12. The second issue concerns Grattan's claim to compound interest in respect of all amounts of VAT that have been overpaid, and accordingly are recoverable as such. It breaks down into two parts. The first concerns the existence and extent of an EU right to interest when VAT has been collected in breach of a directly effective EU right. The second, which applies to the extent such an EU right is found to exist, and to the extent that it is not satisfied by payment in accordance with s 78 VATA, concerns the means whereby that right may effectively be enforced. Grattan says that this should be enforced under the statutory scheme in VATA, and that a claimant should not be required to commence two sets of proceedings, one under the statutory scheme in respect of the principal amount claimed, and another before the High Court for the related interest. HMRC say that the Upper Tribunal has decided in John Wilkins v Revenue and Customs Commissioners [2009] STC 2485 that even accounting for purposive construction an EU right cannot be accommodated within s 78 VATA and that all cases to date (both in the Upper Tribunal and in the High Court) demonstrate that, if the EU right exists, and if it goes further than s 78 VATA, it is a right that can effectively be realised through a common law restitution claim in the High Court.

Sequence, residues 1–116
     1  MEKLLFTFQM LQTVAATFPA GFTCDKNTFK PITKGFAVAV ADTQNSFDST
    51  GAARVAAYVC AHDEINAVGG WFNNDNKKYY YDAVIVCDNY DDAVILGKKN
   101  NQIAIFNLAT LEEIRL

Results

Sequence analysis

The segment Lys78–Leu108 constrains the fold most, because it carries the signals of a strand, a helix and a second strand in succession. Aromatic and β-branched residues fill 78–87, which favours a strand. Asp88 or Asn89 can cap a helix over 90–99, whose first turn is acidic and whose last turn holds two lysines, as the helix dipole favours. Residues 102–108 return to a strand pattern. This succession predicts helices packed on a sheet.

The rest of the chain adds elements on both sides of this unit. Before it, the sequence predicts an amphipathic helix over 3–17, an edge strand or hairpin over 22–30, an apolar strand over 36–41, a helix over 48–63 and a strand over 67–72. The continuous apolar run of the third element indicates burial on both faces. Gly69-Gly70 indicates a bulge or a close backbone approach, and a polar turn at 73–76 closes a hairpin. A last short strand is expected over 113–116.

13. At the outset of the proceedings there was a third issue before the tribunal, which concerned a dispute over whether commission was provided to agents who made no purchases on their own account. During the hearing the parties informed us that this issue had been resolved between the parties, and accordingly it no longer falls to be determined by us.

Proposed reference to the Court of Justice